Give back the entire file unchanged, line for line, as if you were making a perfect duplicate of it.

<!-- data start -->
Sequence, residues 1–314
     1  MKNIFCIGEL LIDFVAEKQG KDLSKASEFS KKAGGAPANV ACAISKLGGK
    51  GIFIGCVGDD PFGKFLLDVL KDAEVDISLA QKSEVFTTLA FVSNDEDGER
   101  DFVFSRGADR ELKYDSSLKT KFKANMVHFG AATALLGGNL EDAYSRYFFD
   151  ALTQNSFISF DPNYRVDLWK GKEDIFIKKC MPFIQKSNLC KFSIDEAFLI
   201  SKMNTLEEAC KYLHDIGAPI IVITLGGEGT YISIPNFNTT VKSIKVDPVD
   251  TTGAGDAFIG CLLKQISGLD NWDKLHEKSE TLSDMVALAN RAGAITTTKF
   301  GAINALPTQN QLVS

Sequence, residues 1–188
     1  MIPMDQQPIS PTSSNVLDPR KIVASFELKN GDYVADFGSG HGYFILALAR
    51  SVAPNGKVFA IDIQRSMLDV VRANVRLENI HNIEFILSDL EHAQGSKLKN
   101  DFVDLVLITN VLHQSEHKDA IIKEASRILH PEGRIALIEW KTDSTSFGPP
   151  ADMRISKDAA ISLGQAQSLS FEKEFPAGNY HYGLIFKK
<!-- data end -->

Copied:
Sequence, residues 1–314
     1  MKNIFCIGEL LIDFVAEKQG KDLSKASEFS KKAGGAPANV ACAISKLGGK
    51  GIFIGCVGDD PFGKFLLDVL KDAEVDISLA QKSEVFTTLA FVSNDEDGER
   101  DFVFSRGADR ELKYDSSLKT KFKANMVHFG AATALLGGNL EDAYSRYFFD
   151  ALTQNSFISF DPNYRVDLWK GKEDIFIKKC MPFIQKSNLC KFSIDEAFLI
   201  SKMNTLEEAC KYLHDIGAPI IVITLGGEGT YISIPNFNTT VKSIKVDPVD
   251  TTGAGDAFIG CLLKQISGLD NWDKLHEKSE TLSDMVALAN RAGAITTTKF
   301  GAINALPTQN QLVS

Sequence, residues 1–188
     1  MIPMDQQPIS PTSSNVLDPR KIVASFELKN GDYVADFGSG HGYFILALAR
    51  SVAPNGKVFA IDIQRSMLDV VRANVRLENI HNIEFILSDL EHAQGSKLKN
   101  DFVDLVLITN VLHQSEHKDA IIKEASRILH PEGRIALIEW KTDSTSFGPP
   151  ADMRISKDAA ISLGQAQSLS FEKEFPAGNY HYGLIFKK